Purchase this article with an account.
David L. Greenwald, Siobhan M. Cashman, Rajendra Kumar-Singh; Engineered Zinc Finger Nuclease–Mediated Homologous Recombination of the Human Rhodopsin Gene. Invest. Ophthalmol. Vis. Sci. 2010;51(12):6374-6380. doi: 10.1167/iovs.10-5781.
Download citation file:
© ARVO (1962-2015); The Authors (2016-present)
Novel zinc finger nucleases (ZFNs) were designed to target the human rhodopsin gene and induce homologous recombination of a donor DNA fragment.
Three-finger zinc finger nucleases were designed based on previously published guidelines. To assay for ZFN specificity, the authors generated human embryonic retinoblast cell lines stably expressing a Pro23His rhodopsin, the most common mutation associated with autosomal dominant retinitis pigmentosa in North America. They report quantification of these rhodopsin-specific ZFNs to induce a targeted double-strand break in the human genome, demonstrate their ability to induce homologous recombination of a donor DNA fragment, and report the quantification of the frequency of ZFN-mediated homologous recombination.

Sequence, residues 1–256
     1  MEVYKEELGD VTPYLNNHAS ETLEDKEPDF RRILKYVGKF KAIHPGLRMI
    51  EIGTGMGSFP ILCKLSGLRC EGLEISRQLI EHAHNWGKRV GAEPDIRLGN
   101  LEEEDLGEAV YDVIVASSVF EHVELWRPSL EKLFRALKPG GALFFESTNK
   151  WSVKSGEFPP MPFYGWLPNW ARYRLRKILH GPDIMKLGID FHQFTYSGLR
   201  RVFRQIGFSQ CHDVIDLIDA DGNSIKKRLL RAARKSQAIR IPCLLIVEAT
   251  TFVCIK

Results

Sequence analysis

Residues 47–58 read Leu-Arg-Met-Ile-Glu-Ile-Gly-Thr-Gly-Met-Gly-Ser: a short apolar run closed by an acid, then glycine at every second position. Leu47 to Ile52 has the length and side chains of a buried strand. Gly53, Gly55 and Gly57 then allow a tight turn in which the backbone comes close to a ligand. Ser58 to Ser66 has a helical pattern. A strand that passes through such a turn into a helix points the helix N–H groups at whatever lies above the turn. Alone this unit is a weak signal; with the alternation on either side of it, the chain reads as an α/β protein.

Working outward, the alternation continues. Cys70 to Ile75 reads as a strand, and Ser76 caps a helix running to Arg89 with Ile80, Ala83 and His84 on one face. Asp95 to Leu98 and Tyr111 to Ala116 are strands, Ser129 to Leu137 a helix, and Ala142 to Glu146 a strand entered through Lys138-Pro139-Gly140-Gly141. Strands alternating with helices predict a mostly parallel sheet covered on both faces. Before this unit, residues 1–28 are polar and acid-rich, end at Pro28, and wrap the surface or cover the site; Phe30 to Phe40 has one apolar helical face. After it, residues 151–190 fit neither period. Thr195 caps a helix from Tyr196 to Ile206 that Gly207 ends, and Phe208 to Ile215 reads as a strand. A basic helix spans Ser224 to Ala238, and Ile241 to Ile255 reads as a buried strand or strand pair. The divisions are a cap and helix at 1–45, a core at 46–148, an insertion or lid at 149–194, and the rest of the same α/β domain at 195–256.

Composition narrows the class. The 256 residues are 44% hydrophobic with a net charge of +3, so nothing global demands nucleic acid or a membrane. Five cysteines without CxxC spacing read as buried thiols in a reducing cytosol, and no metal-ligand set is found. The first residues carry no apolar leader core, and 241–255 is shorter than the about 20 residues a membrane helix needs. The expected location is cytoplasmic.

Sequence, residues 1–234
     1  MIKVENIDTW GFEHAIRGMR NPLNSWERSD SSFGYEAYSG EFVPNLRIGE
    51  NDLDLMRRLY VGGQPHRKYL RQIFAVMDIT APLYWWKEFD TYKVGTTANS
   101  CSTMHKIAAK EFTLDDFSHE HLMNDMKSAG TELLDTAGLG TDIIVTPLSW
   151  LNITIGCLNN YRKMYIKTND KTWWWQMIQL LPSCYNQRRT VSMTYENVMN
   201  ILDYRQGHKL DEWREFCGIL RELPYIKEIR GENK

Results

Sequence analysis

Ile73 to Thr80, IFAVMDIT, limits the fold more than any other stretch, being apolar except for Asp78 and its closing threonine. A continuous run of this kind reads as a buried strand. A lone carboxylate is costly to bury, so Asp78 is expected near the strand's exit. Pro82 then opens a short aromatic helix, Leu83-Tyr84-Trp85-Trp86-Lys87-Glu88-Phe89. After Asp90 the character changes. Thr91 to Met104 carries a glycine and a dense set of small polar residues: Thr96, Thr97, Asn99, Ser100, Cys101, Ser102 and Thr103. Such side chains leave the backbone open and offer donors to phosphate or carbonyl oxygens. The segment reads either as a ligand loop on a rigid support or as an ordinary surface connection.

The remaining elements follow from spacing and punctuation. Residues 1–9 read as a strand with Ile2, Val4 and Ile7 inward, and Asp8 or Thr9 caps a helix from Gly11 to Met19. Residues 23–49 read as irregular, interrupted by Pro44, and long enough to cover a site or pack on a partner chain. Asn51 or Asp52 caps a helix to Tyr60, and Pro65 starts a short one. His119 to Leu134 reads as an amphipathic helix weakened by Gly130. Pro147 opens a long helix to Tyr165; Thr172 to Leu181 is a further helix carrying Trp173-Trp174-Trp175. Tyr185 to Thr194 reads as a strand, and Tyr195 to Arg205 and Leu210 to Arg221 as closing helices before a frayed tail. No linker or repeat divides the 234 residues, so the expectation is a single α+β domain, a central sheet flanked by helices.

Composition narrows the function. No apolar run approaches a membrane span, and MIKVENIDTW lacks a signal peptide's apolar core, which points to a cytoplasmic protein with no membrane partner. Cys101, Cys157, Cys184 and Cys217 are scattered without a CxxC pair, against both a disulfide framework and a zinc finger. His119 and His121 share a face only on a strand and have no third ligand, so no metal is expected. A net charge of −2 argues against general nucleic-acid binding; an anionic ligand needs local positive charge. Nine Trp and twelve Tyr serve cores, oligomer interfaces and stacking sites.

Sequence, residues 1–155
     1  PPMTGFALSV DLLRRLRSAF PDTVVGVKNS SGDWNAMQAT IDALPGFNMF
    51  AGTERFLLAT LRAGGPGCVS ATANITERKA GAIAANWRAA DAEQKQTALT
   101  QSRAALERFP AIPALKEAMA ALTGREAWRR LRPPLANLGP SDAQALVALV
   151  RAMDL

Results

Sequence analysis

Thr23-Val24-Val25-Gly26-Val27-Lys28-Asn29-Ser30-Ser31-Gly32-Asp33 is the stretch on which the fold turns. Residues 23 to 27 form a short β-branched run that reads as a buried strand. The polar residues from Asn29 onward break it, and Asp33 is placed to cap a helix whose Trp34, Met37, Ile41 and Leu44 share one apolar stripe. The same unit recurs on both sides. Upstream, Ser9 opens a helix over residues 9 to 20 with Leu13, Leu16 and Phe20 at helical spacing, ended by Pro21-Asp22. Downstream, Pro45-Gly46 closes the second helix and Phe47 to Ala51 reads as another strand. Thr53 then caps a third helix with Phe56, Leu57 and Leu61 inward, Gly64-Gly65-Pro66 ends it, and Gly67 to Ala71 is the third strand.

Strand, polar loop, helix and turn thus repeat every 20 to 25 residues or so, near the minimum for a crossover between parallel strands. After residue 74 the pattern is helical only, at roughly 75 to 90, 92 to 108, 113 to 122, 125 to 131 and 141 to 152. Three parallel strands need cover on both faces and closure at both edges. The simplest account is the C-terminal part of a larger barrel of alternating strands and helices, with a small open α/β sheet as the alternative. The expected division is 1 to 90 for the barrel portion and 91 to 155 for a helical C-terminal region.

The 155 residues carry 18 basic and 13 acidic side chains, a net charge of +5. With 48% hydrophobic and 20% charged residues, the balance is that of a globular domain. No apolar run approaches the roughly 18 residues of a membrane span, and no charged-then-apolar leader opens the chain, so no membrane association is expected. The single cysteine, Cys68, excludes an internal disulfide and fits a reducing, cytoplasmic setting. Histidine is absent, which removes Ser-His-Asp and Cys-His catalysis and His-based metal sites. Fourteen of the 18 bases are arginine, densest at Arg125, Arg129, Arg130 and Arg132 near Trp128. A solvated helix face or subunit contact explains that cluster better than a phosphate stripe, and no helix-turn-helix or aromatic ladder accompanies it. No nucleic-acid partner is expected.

Compared with endogenous homologous recombination, the authors observed a 12-fold increase in homologous recombination and an absolute frequency of ZFN-directed homologous recombination as high as 17% in the human rhodopsin gene.
ZFNs are chimeric proteins with significant potential for the treatment of inherited diseases. In this study, the authors report the design of novel ZFNs targeting the human rhodopsin gene. These ZFNs may be useful for the treatment of retinal diseases such as retinitis pigmentosa, one of the most common causes of inherited blindness in the developed world. Herein, they also report on several aspects of donor fragment design and in vitro conditions that facilitate ZFN-mediated homologous recombination.
This PDF is available to Subscribers Only